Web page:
Standardizing Fecal Calprotectin Monitoring in Asymptomatic Patients with Inflammatory Bowel Disease
We would like to thank Dr. Cong Dai et al for their interest in our manuscript1 and raising the question of intraindividual calprotectin variability.2 Our systematic review, including results of electronic searches up to April 21, 2016, found a limited number of prospective studies that monitored asymptomatic patients by repeating calprotectin measurements. Our evaluation of the literature also underscored the practicality of repeating calprotectin across standardized time intervals to inform clinical decision making. Although the heterogeneity of the included studies in our analysis precluded the identification of an optimal cutoff, this does not reduce the utility of the “take-home” message we sought to convey: monitoring requires repeating calprotectin within 1 to 3 months apart.
Although the studies that Dr. Dai et al cite as having discrepancy in cutoffs reiterate the current knowledge gap, we highlight that these studies either had only a single follow-up calprotectin measurement3,4 or nonstandardized (>3-month interval) follow-up calprotectin measurements.4–6 Therefore, the heterogeneity of the study design in the aforementioned studies—not the intraindividual calprotectin variability—does not allow for reliable comparison of reported cutoff levels. Apart from that, we suspect a possible overlap of 2 patient cohorts described by 1 research group.6,7 The second article of this group was published after our data cut but would otherwise have been included in our search.7 The findings of this study underline our conclusion that calprotectin can function as prelude for relapse.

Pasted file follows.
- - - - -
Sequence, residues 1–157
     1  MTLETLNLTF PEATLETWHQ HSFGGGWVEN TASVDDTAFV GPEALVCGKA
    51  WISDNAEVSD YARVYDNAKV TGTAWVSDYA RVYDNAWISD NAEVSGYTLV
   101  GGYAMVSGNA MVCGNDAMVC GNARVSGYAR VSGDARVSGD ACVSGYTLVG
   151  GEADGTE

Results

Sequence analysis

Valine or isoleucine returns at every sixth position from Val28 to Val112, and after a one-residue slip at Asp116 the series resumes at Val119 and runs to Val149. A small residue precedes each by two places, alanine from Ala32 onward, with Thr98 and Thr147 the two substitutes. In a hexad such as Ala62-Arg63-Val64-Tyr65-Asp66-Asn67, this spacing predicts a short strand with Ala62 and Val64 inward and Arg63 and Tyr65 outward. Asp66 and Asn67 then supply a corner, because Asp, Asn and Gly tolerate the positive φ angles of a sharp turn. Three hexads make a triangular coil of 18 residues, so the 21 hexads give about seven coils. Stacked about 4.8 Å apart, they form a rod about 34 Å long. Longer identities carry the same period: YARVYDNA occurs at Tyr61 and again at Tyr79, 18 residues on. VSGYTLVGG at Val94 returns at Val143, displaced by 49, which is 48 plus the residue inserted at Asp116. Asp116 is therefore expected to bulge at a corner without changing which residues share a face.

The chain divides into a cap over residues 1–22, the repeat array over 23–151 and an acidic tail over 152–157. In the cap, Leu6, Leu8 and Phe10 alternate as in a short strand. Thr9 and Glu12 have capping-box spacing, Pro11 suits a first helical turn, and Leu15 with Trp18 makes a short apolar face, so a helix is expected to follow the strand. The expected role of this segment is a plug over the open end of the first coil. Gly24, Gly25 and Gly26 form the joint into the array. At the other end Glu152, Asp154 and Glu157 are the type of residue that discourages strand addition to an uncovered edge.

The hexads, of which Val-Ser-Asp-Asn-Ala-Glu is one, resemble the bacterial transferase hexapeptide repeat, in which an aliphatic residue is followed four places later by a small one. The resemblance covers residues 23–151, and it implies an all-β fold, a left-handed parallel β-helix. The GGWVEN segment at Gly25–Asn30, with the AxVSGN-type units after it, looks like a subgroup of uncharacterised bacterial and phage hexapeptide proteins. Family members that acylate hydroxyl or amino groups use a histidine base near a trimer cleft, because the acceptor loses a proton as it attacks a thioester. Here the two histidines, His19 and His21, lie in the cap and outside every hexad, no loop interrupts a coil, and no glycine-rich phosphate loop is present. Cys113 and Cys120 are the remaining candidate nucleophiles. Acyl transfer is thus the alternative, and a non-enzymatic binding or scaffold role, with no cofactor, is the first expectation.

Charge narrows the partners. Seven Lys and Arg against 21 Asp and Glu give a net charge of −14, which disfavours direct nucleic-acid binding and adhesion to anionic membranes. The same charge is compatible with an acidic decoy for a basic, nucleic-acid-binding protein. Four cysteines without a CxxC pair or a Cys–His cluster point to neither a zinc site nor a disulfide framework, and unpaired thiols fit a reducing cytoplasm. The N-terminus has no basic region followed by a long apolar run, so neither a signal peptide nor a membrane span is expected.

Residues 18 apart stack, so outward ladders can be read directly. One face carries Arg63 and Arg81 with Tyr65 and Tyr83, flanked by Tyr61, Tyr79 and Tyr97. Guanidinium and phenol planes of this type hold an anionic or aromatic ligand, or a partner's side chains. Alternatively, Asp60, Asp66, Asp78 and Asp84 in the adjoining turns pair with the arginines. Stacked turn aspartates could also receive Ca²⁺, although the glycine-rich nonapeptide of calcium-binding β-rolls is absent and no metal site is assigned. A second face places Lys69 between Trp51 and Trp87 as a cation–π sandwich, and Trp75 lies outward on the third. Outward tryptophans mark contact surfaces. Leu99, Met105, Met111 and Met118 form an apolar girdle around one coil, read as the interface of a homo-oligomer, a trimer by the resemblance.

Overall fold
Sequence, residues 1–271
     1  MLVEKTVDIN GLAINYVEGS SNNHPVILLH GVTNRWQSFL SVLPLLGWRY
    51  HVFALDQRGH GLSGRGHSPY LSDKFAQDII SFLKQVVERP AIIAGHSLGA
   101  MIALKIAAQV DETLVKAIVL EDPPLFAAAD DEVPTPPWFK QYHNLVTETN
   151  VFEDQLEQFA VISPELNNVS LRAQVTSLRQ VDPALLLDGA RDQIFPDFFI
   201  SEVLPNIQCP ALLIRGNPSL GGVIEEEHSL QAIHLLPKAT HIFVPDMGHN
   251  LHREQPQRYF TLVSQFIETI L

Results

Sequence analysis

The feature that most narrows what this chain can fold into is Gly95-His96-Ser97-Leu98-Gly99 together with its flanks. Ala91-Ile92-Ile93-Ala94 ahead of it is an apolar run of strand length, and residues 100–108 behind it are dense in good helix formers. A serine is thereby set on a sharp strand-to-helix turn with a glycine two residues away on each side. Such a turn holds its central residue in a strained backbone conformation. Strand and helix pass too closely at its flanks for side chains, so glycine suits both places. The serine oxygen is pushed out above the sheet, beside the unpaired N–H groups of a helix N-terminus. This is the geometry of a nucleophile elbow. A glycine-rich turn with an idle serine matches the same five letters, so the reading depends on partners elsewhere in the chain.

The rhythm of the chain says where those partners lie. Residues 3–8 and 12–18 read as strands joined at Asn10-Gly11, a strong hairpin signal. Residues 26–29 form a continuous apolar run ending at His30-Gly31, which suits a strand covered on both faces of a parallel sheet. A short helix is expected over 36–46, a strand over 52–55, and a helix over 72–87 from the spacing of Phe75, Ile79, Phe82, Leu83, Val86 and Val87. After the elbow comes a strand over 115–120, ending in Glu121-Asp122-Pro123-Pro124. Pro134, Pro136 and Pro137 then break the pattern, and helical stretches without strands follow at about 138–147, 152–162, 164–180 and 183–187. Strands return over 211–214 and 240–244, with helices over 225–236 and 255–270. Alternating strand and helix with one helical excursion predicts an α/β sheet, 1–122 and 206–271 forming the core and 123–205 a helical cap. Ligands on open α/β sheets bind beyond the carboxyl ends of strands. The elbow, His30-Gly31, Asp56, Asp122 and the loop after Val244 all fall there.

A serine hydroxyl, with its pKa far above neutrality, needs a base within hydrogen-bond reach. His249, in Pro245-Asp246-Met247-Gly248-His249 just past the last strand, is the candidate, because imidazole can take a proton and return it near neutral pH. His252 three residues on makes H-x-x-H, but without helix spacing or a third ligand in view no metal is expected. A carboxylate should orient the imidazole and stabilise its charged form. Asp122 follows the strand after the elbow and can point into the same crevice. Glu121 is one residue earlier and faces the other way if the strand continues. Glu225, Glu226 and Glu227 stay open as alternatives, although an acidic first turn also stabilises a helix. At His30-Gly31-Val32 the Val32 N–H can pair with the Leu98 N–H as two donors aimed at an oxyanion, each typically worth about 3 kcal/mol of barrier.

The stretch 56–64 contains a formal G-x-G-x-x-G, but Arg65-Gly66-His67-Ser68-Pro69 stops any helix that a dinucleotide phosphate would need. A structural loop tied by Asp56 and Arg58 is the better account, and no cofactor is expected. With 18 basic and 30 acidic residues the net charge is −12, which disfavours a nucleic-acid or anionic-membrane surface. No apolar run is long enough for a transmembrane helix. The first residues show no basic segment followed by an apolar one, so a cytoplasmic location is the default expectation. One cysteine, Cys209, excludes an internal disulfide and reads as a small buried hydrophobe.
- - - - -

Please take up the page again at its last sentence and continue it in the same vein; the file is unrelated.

Finally, it is important to note that standardizing calprotectin monitoring should not only consider patient education to obtain the first-morning stool to minimize the intraindividual variability but also consider standardizing the length of time between sampling and processing of the sample in the laboratory.2 In addition, inherent differences between assays and phenotypic disease differences (e.g., colonic-only versus ileal-only involvement) between individuals are important considerations for increased variability. The essence of the practical guide in our review is that the clinician could detect an imminent relapse in asymptomatic patients when calprotectin levels are monitored every 2 to 3 months.